Conditions for reprisal action
16.17. In order to qualify as a legitimate reprisal, an act must comply with the following conditions when employed:
a. It must be in response to serious and manifestly unlawful acts, committed by an adverse government, its military commanders or combatants for whom the adversary is responsible;
b. It must be for the purpose of compelling the adversary to observe the law of armed conflict. Reprisals serve as an ultimate legal sanction or law enforcement mechanism. Thus, if one party to an armed conflict breaches the law but then expresses regret, declares that it will not be repeated and takes measures to punish those immediately responsible, then any action taken by another party in response to the original unlawful act cannot be justified as a reprisal;
e. A reprisal must be directed against the personnel or property of an adversary;
g. It must be publicized. Since reprisals are undertaken to induce an adversary’s compliance with the laws of armed conflict, any action taken as a reprisal must be announced as such and publicized so that the adversary is aware of the reason for the otherwise unlawful act and of its own obligation to abide by the law.
The manual also restates the interpretative declaration made by the UK upon ratification of the 1977 Additional Protocol I (see infra
During discussions on reprisals in Committee I of the CDDH, the United Kingdom stated that it was “not true that at the present time [in 1976] the old system of lawful counter-measures was excluded; it still existed under customary law, and any exclusion must be expressed, as in the Geneva Conventions”. It also stated that it would “support the principle embodied in [the French proposal on a prohibition of reprisals]”.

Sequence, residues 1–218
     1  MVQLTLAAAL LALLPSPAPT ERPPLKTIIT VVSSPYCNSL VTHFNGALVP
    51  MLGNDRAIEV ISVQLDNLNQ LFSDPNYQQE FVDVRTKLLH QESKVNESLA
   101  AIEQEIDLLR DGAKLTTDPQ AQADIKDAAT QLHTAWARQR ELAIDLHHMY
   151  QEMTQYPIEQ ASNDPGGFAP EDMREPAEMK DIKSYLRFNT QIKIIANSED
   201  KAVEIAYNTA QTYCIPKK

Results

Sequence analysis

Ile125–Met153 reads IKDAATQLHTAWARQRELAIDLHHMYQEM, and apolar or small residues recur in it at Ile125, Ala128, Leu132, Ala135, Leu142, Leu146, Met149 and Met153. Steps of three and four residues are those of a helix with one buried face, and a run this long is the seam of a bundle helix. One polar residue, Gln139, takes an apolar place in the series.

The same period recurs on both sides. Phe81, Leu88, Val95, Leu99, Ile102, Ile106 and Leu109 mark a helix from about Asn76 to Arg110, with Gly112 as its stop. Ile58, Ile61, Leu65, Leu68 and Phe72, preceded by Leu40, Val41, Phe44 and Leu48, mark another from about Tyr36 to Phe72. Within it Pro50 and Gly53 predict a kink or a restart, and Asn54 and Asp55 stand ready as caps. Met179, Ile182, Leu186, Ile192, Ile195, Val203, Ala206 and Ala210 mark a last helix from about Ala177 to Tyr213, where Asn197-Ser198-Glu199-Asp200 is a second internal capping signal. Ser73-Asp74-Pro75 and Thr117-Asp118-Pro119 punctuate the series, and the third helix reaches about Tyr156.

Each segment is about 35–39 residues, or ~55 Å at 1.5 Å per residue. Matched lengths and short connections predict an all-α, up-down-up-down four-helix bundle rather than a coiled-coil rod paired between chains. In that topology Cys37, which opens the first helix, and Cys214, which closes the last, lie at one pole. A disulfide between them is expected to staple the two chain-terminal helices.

In its written statement submitted to the ICJ in the Nuclear Weapons case in 1995, the United Kingdom stated:
A belligerent reprisal is an action, taken by a party to an armed conflict, which would normally constitute a violation of the laws of armed conflict but which is lawful because it is taken in response to a prior violation of that law by an adversary … To be lawful, a belligerent reprisal must meet two conditions … It must meet the criteria for the regulation of reprisals, namely that it is taken in response to a prior wrong … [and] is undertaken for the purpose of putting an end to the enemy’s unlawful conduct and for preventing further illegalities.
Upon ratification of the 1977 Additional Protocol I, the United Kingdom stated that in the event of violations of Articles 51–55 of the 1977 Additional Protocol I by the adversary, the United Kingdom would regard itself entitled to take measures otherwise prohibited by these Articles, noting, however, that this would be true “to the extent that it considers such measures necessary for the sole purpose of compelling the adverse party to cease committing violations under those Articles”.